As Jasbir Puar, a pro-Palestinian advocate lamented, it could signal that "the Palestinians are barbaric, homophobic, uncivilised, suicide-bombing fanatics. It produces Israel as the only gay-friendly country in an otherwise hostile region."   She noted, that "Britain's premier queer human rights organisation, at a Free Palestine rally in London, 21 May 2005 engaged in its own form of linguistic hybridity; "Israel: Stop persecuting Palestine!" "Palestine: Stop persecuting queers!" and also "Stop 'honour' killing women and gays in Palestine."  This framing has the effect, however unintended, of analogising Israeli state oppression of Palestinians to Palestinian oppression of their gays and lesbians, as if the two were equivalent or contiguous."
 
Like Puar, Gross understood that such an analogue had the potential of undermining his agenda.  Indeed, on one occasion he seemed to be leaning toward reporting on violations of gay rights even it reflected badly on Islamism.  He noted "that groups such as Human Rights Watch in their work on Iran and other countries were, I thought, very careful in their reports and did important work, and that we should be careful that the critique of homonationalist cooptation should not cause us not to address sexuality based violations of human rights."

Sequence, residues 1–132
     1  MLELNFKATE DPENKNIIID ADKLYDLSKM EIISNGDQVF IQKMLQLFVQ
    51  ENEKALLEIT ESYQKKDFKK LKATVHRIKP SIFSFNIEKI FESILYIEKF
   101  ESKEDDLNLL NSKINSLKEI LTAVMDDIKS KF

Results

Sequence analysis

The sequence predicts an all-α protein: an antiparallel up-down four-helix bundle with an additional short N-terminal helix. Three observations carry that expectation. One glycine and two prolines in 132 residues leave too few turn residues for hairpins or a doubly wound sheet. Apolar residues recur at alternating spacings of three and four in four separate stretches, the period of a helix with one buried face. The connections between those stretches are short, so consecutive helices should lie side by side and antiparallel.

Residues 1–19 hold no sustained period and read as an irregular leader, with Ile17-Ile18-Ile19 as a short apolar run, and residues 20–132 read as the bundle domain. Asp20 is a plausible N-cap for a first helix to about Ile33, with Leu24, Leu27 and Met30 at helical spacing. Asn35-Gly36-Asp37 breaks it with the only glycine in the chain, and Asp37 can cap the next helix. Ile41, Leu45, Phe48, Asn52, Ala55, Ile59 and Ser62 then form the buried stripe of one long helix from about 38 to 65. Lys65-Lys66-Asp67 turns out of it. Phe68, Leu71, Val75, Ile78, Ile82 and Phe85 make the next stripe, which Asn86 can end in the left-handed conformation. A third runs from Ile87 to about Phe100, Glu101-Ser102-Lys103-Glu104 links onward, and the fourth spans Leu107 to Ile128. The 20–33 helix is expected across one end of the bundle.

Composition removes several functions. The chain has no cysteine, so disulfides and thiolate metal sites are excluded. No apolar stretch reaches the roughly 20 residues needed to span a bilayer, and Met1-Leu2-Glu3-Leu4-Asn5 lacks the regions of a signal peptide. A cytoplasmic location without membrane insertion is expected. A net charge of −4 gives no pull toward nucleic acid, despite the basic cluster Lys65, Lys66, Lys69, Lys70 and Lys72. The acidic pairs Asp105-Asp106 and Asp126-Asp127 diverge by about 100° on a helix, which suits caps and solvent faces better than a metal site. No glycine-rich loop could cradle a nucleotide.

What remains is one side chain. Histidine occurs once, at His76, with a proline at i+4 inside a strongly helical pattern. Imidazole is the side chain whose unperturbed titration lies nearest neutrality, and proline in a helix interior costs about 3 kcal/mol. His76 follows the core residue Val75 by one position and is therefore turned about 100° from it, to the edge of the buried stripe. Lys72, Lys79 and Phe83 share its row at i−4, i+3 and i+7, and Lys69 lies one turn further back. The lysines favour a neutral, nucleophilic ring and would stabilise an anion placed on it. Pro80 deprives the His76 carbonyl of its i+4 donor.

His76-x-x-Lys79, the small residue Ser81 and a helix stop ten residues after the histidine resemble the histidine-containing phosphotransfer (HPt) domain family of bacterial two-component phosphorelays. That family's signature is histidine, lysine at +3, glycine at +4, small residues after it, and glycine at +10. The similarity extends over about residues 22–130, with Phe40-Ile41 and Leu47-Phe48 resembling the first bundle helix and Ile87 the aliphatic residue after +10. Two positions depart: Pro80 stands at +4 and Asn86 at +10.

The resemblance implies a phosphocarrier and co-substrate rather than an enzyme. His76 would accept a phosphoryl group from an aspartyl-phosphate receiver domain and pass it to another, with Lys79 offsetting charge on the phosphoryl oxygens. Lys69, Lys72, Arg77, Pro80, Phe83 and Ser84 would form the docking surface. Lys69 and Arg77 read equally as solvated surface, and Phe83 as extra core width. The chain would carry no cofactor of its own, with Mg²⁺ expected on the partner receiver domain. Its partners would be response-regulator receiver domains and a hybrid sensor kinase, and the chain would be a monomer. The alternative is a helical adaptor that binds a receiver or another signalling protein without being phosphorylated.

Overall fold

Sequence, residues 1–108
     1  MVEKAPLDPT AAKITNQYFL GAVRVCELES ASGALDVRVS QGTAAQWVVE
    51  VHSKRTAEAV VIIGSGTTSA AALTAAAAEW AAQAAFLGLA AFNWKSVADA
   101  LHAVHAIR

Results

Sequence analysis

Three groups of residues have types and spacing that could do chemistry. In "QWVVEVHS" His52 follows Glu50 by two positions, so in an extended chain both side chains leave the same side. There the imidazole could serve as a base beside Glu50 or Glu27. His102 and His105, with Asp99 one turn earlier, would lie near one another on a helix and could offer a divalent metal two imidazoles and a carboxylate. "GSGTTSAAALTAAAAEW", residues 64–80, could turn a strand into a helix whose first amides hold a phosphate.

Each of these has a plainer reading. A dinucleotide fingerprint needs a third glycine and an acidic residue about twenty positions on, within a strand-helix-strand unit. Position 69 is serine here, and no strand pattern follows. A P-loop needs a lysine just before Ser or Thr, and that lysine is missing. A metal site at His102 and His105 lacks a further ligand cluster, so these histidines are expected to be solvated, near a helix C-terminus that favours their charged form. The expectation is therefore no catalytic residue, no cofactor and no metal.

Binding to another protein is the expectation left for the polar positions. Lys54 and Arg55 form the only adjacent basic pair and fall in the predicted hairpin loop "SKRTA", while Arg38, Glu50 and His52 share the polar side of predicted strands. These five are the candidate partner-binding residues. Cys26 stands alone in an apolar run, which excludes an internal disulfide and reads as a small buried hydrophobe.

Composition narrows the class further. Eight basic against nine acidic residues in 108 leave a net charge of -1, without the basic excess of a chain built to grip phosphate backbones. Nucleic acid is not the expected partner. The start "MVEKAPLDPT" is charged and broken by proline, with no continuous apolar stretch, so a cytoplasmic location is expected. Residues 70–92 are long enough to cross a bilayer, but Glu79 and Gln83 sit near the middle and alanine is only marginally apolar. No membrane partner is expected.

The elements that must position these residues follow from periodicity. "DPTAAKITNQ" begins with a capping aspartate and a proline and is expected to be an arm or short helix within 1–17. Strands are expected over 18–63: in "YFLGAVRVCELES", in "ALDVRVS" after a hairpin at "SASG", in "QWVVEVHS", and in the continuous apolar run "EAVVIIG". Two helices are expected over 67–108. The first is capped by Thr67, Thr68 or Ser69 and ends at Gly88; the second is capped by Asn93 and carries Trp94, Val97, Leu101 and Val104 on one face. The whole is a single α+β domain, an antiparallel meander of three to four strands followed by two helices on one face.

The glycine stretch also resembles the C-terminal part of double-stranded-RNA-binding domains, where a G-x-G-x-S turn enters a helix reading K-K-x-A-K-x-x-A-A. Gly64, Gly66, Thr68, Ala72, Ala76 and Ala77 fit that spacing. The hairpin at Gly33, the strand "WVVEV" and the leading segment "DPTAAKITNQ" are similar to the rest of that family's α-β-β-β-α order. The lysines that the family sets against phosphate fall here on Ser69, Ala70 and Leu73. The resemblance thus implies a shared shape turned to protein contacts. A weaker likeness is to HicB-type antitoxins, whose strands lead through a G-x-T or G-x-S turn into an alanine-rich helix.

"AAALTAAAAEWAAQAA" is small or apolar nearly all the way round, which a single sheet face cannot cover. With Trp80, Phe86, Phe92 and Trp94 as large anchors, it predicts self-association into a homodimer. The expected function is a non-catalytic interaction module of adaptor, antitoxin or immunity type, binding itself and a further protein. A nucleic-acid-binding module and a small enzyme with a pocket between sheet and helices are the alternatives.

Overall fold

But when it came to Israel the political agenda clearly prevailed, the solution to the dilemma was pinkwashing, which, as noted, dismissed Israel's liberal attitude toward gays as a "fig leaf."  In Gross's words, "the larger the area [of occupation] that needs to be hidden, the larger the fig leaf must be."

Gross is not the only member of the radical academic fraternity to practice radical hypocrisy.  But, as a professor of law who puts his academic legitimacy behind pinkwashing, his hypocrisy is especially glaring.




"There is no pride in the occupation"

"Lesbians in Solidarity with Palestinian Lesbians"


"If you agree there is a connection between oppression of one minority to oppression of other minorities, if you understand the commercialization of the Pride and class oppression is connected, that oppression of lesbians, Capitalism and women-trafficking is connected, that oppression of Mizrahim and Palestinians is connected, that oppression of new immigrants and foreign-workers is connected, that oppression of transgender and women is connected, that oppression of gay and militarism is connected, that the oppression of handicapped and beauty queens is connected, that house demolition and building settlements is connected, so you have no choice - you are also connected! Join us to the gay parade in Tel Aviv, see you at the parade, wearing black or naked.

Kvisa Shchora - direct action group against the occupation and for social justice."


 

                                                     "I f**k  Palestinian females"